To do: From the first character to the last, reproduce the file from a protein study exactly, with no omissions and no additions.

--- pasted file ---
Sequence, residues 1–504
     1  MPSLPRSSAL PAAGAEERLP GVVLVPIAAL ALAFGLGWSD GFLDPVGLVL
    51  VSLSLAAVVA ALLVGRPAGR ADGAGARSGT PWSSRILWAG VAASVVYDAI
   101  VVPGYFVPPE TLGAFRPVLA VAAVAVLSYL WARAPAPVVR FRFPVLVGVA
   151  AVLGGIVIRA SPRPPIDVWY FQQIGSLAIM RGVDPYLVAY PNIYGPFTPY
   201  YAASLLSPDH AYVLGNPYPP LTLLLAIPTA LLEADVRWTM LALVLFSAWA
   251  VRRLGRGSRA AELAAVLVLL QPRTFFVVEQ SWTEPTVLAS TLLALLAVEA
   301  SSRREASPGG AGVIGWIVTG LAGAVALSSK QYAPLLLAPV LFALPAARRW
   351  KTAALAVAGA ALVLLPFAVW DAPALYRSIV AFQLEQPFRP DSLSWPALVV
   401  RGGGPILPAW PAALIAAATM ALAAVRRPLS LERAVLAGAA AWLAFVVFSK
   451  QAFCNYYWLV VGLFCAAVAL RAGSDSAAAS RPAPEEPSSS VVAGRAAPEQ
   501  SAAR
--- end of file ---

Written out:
Sequence, residues 1–504
     1  MPSLPRSSAL PAAGAEERLP GVVLVPIAAL ALAFGLGWSD GFLDPVGLVL
    51  VSLSLAAVVA ALLVGRPAGR ADGAGARSGT PWSSRILWAG VAASVVYDAI
   101  VVPGYFVPPE TLGAFRPVLA VAAVAVLSYL WARAPAPVVR FRFPVLVGVA
   151  AVLGGIVIRA SPRPPIDVWY FQQIGSLAIM RGVDPYLVAY PNIYGPFTPY
   201  YAASLLSPDH AYVLGNPYPP LTLLLAIPTA LLEADVRWTM LALVLFSAWA
   251  VRRLGRGSRA AELAAVLVLL QPRTFFVVEQ SWTEPTVLAS TLLALLAVEA
   301  SSRREASPGG AGVIGWIVTG LAGAVALSSK QYAPLLLAPV LFALPAARRW
   351  KTAALAVAGA ALVLLPFAVW DAPALYRSIV AFQLEQPFRP DSLSWPALVV
   401  RGGGPILPAW PAALIAAATM ALAAVRRPLS LERAVLAGAA AWLAFVVFSK
   451  QAFCNYYWLV VGLFCAAVAL RAGSDSAAAS RPAPEEPSSS VVAGRAAPEQ
   501  SAAR